JASON FROST OPERATOR
Jason Frost has been keeping a close eye on the First Tribunal outcome, not just as an operator but also with an interest wearing his Euromat presidency hat. However, it’s the cost at small business level that concerns him most; the return of this money is needed now more than ever as the industry grapples with the post-Covid economic environment.
Coinslot: The First Tribunal decision on the Rank versus HMRC VAT case is a major victory for the industry. How significant is the decision and how many businesses do you think will benefit from this?
Jason Frost: The decision will clearly affect many businesses including pubs and working men’s clubs, not to mention political clubs as well, some of whom rely on the machine revenue to keep afloat. To call it a victory is an understatement, but let’s not forget this is just paying us back the VAT that was incorrectly collected by the revenue in the first place.
Coinslot: This now ends over 20 years of wrangling on the Vat issue on machines. On a practical level, what impact has this had on businesses in the industry?
Jason Frost: It has been been a long drawn out case and as a result of this case MGD was introduced to replace VAT. As operators, this means that since 2013 we can no longer claim back VAT on our expenditure, overnight our cost base went up by 20percent. If an operator buys a machine which costs £10,000 + Vat that machine now costs the operator £12,000.
Coinslot: Why did HMRC get this so wrong, and how were they able to drag this out for such a long time?
Jason Frost: In the first Linewebber case, commonly called Linewebber 1, HMRC paid out some claims with protective assessments attached so that if HMRC won their next appeal recipients would have to pay the money back plus interest. And as we know, HMRC charge more interest than a bank. As an example, I know of one operator who was paid £250,000 and a year later had to pay it back plus interest, he paid back £290,000!! When HMRC finally lost the Linewebber 1 case, they were obliged to pay out the £290,000 plus interest; therefore, HMRC itself had inadvertently increased the cost of the payout to the tune of circa £40,000. Now may be the time to not appeal and pay the piper. There are some VAT cases that have dragged on for even longer than the 20 plus years, and I think the whole system needs updating.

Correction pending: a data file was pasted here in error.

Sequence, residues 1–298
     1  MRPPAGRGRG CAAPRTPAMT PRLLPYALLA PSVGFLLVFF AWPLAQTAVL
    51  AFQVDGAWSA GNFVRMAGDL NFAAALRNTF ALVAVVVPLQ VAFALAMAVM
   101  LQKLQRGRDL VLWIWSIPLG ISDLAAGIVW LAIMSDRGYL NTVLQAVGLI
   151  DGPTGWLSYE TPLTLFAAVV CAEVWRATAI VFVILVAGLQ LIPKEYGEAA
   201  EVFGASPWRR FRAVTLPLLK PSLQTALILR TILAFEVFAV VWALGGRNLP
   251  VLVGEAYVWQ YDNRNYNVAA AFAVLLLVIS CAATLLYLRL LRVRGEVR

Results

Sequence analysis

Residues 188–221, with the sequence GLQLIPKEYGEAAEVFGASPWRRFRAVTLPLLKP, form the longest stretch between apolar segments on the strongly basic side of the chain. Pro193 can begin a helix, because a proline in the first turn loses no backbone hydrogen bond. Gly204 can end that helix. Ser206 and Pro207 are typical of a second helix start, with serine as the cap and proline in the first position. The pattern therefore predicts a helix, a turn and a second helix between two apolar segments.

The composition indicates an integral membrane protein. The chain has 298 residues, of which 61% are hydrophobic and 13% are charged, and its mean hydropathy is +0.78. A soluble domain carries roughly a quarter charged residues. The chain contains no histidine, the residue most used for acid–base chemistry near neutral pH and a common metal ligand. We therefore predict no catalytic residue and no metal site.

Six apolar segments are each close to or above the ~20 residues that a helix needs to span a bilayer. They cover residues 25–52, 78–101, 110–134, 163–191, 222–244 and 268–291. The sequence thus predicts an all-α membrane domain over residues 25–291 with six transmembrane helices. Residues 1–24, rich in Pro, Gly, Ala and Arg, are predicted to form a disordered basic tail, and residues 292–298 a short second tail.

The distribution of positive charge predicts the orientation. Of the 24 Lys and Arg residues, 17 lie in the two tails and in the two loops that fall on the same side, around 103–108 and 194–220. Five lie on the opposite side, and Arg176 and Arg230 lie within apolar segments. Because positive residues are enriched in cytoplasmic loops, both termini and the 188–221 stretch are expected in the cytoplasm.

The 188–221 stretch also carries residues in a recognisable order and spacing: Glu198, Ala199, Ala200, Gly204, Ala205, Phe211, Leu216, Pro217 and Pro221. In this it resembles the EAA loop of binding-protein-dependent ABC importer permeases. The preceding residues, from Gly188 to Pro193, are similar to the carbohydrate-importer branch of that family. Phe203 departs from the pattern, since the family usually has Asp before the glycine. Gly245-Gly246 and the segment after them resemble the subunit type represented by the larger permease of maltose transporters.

Jason Frost: “To call it a victory is an understatement, but … this is just paying us back the VAT that was incorrectly collected…”
Coinslot: Some businesses will not have survived the loss of this money, coming as it did during two financial crashes and now Covid. Given the aggressive, and now improper, actions by HMRC, do you think compensation should be considered?
Jason Frost: Compensation would be a nice thought, but this is HMRC; they’re not well known for their compassion. Indeed there will be many businesss that have gone to the wall as a direct result of this VAT case and as such HMRC are not obliged to pay out if those companies no longer exist. Businesses need this money now to help survive and survive in a post Covid world. Once upon a time it would of been the icing on the cake, but now we need the money to survive. The bounce back loans were fantastic in keeping us all afloat but we have to pay them back now and this money would allow us to pay these off and reduce the overheads going forward to ensure a sustainable tax paying industry providing well over 30,000 in the UK.
Coinslot: By the time businesses will recover this money – some over 20 years – the tax office’s interpretation would have impeded major growth opportunities as well as financial stability for many businesses. Do you think we now need a re-evaluation of the powers of HMRC in these cases?
Jason Frost: As I said before, I think the whole appeal system needs looking at.